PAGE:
Jerusalem

Jerusalem

Chronicles From the Holy City

Book - 2015
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"[ Jerusalem ] is a small miracle: concise, even-handed, highly particular." -- The Guardian

Jerusalem: Chronicles from the Holy City is the acclaimed graphic memoirist Guy Delisle's strongest work yet, a thoughtful and moving travelogue about life in contemporary Jerusalem. Delisle expertly lays the groundwork for a cultural road map of the Holy City, utilizing the classic "stranger in a strange land" point of view that made his other books required reading for understanding what daily life is like in cities few are able to travel to. Jerusalem explores the complexities of a city that represents so much to so many. It eloquently examines the impact of conflict on the lives of people on both sides of the wall while drolly recounting the quotidian: checkpoints, traffic jams, and holidays.
When observing the Christian, Jewish, and Muslim populations that call Jerusalem home, Delisle's drawn line is both sensitive and fair, assuming nothing and drawing everything. A sixteen-page appendix to the paperback edition lets the reader behind the curtain, revealing intimate process sketches from Delisle's time in Jerusalem.
Jerusalem is a masterfully hewn travelogue; topping Best of 2012 lists from The Guardian , Paste , and the Montreal Gazette , it was the graphic novel of the year.

Publisher: Montreal : Drawn & Quarterly, 2015
Edition: 1st paperback ed
ISBN: 9781770461765
Characteristics: 336 p. : chiefly illustrated (some col.) ; 22 cm
Additional Contributors: Firoud, Lucie
Dascher, Helge 1965-

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w
wildct2003
Jan 28, 2017

A full year in Jerusalem with 2 kids who can talk (and a busy wife) for this trip. Another good volume in his stranger-in-a-strange-land series. Recommended.

c
Caroline1616
Sep 03, 2015

I totally agree with the praises below: this book is great. It is funny, so well done, full of information, moving, interesting. Bravo!

k
kwsmith
Aug 04, 2015

Jerusalem is French Canadian comic book artist Guy Delisle's best work. This graphic novel is wonderfully insightful, educational, and entertaining.

g
gillythebetter
Aug 06, 2014

Another great living abroad comic by Delisle. It's brain candy that miraculously makes you smarter too. Eat it up!

l
lukasevansherman
Oct 29, 2013

French comic artist belongs to a small group (Joe Sacco is the other prominent example) who combine reporting with autobiography. He's traveled to China, North Korea and Burma and then illustrated his experiences. In this book, he and his family spend a year in Jerusalem and he acts as a wry, mostly impartial observer to the continuing tensions. His artwork is a little more cartoonish than Sacco's, but still detailed and striking. Even if you dismiss comics, this is worth your time. Also see: Persepolis, Palestine.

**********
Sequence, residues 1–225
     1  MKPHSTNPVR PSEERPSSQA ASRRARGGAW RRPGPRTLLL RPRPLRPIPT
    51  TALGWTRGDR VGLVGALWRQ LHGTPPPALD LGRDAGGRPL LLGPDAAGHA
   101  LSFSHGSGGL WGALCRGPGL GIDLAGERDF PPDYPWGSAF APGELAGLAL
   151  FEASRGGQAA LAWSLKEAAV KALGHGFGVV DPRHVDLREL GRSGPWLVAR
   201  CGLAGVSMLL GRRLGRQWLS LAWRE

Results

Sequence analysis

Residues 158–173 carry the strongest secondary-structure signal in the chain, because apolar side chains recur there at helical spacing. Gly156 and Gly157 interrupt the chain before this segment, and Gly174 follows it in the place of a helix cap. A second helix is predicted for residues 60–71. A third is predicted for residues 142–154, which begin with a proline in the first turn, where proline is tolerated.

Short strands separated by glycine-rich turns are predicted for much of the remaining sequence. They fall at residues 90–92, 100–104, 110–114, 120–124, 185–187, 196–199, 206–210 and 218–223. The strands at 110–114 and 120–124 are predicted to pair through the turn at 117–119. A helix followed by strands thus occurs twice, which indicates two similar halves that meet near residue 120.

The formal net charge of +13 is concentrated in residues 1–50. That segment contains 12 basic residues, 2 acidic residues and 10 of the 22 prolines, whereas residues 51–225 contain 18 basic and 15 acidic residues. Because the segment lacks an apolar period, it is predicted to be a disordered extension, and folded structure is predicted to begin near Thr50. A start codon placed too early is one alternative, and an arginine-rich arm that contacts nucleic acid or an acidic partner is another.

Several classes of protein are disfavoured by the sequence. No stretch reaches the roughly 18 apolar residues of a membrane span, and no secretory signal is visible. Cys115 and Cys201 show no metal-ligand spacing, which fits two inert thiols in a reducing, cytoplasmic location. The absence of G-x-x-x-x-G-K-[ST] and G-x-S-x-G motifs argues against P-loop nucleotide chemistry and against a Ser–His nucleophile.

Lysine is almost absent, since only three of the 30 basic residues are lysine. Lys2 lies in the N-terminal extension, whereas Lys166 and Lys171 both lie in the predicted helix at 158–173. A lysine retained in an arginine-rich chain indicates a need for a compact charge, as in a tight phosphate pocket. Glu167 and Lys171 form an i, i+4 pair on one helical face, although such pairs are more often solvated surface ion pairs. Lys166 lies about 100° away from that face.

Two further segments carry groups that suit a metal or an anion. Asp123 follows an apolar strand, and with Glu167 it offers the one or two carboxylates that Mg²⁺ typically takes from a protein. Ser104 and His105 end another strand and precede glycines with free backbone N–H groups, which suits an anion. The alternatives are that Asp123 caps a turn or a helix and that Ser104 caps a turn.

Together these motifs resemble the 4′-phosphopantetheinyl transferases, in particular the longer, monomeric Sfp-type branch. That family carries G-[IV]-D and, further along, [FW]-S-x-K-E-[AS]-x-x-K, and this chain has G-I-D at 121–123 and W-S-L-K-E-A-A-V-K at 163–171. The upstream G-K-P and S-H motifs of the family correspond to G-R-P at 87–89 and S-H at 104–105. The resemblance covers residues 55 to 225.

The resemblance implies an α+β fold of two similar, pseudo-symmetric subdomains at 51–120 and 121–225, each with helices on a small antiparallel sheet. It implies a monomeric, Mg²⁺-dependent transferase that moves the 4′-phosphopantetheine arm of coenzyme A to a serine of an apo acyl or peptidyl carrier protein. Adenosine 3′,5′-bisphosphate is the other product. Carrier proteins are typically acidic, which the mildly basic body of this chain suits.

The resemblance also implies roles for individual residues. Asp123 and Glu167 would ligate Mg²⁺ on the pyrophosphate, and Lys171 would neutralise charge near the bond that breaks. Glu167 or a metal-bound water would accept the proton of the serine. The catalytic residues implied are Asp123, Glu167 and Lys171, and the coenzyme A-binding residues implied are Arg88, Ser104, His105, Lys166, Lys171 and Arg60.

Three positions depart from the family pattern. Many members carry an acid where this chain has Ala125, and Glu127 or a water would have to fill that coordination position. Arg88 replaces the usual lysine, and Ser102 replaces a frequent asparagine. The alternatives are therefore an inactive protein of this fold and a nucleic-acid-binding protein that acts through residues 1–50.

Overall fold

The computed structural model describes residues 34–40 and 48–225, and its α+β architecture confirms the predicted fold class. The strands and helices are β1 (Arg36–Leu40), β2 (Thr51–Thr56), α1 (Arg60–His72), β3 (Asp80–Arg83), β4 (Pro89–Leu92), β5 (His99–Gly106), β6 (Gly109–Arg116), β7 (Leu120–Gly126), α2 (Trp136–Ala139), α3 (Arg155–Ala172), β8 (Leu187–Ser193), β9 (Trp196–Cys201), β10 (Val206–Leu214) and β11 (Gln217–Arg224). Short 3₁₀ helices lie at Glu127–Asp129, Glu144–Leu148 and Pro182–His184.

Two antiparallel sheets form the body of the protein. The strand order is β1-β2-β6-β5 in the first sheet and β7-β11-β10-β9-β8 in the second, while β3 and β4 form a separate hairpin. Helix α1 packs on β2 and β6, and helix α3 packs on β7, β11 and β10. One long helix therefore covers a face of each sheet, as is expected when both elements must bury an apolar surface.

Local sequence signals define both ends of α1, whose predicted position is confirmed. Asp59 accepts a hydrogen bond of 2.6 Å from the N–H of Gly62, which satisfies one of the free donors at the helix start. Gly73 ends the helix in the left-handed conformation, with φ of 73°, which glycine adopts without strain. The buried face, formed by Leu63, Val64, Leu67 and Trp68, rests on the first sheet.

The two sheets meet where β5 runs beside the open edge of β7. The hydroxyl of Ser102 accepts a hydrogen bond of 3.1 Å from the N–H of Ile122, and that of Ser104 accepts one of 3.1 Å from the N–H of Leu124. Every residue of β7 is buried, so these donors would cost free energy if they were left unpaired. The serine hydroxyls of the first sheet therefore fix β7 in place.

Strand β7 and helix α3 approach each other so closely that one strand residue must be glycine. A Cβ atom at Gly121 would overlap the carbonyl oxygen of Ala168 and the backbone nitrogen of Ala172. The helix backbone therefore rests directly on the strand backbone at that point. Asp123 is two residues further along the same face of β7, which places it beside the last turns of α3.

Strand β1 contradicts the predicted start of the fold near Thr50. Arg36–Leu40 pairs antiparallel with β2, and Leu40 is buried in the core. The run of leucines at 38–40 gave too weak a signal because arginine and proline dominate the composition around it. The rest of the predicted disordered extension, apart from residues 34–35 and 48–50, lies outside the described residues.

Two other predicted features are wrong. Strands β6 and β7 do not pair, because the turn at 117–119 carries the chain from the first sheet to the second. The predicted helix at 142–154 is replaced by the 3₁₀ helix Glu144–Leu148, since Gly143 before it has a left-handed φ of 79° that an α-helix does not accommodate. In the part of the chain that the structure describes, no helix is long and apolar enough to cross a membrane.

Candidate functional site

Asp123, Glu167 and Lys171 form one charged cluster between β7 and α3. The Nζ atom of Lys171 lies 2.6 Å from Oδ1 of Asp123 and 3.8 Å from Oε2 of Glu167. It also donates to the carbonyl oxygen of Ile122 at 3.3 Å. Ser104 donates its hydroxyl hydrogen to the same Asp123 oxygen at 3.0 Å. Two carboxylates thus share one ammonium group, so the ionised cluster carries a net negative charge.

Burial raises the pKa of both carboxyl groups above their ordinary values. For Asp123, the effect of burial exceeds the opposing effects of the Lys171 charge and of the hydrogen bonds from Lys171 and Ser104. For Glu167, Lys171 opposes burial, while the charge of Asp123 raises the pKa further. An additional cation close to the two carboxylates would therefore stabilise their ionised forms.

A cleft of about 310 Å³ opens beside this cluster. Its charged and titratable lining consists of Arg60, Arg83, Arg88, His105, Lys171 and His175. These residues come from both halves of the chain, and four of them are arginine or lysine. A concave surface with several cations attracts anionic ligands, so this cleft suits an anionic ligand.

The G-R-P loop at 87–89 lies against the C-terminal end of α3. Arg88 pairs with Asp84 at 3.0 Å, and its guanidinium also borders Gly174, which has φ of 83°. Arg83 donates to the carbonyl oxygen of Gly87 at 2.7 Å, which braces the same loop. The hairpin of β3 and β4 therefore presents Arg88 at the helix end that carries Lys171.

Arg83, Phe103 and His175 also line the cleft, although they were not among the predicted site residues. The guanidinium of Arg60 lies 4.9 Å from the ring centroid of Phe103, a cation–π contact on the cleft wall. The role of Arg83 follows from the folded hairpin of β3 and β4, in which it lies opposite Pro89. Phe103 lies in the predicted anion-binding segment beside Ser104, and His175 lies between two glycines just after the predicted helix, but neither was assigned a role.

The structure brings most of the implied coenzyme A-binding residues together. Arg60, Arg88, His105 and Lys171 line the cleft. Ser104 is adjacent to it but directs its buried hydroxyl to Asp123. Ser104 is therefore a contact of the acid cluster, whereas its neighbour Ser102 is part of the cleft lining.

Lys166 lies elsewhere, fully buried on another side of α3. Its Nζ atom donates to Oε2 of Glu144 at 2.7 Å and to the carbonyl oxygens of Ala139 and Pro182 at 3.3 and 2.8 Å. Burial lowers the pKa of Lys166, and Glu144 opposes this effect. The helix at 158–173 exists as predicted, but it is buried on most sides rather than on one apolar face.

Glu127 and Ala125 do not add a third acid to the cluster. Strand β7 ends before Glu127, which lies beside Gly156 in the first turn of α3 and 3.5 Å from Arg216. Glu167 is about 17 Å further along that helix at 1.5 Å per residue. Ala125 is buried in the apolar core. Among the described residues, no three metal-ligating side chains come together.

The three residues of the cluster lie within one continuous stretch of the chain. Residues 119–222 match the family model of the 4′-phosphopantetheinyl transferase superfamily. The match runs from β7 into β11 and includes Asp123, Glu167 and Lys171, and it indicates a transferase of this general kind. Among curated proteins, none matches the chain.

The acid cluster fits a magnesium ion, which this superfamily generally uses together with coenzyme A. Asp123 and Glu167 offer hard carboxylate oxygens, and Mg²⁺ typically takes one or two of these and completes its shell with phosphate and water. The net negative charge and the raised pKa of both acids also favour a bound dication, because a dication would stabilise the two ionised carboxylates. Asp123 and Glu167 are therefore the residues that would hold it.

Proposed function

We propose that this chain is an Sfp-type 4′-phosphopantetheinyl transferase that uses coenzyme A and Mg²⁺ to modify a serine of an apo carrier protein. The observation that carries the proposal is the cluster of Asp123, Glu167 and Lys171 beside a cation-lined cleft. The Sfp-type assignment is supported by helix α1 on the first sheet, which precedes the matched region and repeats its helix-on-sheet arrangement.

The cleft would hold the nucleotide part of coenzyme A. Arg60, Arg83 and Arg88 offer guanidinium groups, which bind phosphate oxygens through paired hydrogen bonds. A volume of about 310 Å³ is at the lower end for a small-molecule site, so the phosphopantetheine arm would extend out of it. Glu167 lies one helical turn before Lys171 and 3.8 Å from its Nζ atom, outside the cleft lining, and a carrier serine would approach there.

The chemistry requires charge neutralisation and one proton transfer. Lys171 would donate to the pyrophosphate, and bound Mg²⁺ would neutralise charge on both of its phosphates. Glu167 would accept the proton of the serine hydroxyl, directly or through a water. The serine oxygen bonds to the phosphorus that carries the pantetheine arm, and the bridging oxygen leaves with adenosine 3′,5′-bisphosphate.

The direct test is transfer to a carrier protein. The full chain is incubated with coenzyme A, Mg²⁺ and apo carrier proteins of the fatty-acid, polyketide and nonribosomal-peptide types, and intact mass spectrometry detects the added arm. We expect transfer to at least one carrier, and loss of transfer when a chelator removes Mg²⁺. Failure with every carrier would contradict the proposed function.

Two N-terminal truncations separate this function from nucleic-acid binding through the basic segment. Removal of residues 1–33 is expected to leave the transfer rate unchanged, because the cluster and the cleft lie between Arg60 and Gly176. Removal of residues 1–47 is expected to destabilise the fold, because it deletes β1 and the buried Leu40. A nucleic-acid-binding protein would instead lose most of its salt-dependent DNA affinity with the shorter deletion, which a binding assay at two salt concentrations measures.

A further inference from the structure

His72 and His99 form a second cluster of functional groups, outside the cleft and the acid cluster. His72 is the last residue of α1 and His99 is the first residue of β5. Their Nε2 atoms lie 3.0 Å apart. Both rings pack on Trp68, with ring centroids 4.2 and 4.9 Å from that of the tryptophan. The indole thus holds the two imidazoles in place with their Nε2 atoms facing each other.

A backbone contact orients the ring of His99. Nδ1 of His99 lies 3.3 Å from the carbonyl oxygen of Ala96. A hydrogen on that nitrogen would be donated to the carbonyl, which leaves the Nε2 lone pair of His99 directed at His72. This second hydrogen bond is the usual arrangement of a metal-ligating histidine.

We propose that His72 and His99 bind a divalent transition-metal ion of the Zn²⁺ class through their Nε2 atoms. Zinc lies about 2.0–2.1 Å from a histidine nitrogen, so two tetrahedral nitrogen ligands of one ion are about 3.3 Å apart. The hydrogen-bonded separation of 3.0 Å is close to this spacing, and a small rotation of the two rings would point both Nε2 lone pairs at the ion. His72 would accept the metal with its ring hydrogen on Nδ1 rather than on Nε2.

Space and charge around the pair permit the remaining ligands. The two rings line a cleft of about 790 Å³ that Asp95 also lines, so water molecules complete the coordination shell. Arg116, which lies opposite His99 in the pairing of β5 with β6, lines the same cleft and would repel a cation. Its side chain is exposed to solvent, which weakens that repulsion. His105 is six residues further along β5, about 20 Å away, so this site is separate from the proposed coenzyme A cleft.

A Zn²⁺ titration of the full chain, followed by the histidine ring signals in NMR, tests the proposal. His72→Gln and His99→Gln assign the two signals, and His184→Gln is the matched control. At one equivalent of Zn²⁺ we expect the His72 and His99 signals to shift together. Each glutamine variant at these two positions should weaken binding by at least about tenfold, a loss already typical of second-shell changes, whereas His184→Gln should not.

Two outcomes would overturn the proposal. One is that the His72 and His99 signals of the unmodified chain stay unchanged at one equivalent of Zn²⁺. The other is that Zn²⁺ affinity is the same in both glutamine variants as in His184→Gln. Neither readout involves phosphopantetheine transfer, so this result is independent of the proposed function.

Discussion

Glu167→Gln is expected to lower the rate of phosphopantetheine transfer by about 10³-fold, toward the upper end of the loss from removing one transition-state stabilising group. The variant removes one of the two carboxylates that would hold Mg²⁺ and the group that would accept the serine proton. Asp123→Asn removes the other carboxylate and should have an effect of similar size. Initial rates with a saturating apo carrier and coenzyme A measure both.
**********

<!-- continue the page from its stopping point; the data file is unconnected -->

t
travismcewan
Aug 08, 2013

Simple drawings that covey his surroundings effectively. The sarcasm that he uses to make fun of the country and himself never misses a beat. It's also great to learn about a country that may not make sense to most. Guy Deslisle can do no harm.

l
Linni
Jul 30, 2013

Guy Delisle is so talented! Love his art and sense of humour. A must read for all of those interested in the middle east, it will give you a better understanding of the culture and place.

m
Mivasair
May 20, 2013

A very honest portrayal of a very complex place. I highly recommend this book.

I've lived in Jerusalem for several years and found Delisle's view very accurate and insightful.

v
VRMurphy
Apr 17, 2013

Highly recommended memoir of a year living in Jerusalem. Open-minded and informative without being preachy, and very well-drawn. Made me seek out other works by the same author.

Donna_R Nov 19, 2012

This was recommended to me by Auckland librarian Sean M (big tip of the hat!). Guy comes across as a reasonable, thoughtful bloke. He documents the difficulties and oddities of life in Jerusalem on both sides of the wall. Stephen Carlick’s review in The National Post says:

… it’s his juxtaposition of the various points of view — Israeli, Palestinian, Christian, that of Médecins Sans Frontières, and his own — that makes it his best. The tension in the Holy City between what is how sacred to whom is central to the success of Jerusalem, largely because of the clear-eyed way Delisle depicts the struggles of daily life in a city where so many strongly opposed factions coexist.

The success of this book is how it simply presents the everyday details of life.

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aoeswadi Jun 04, 2012

aoeswadi thinks this title is suitable for 12 years and over

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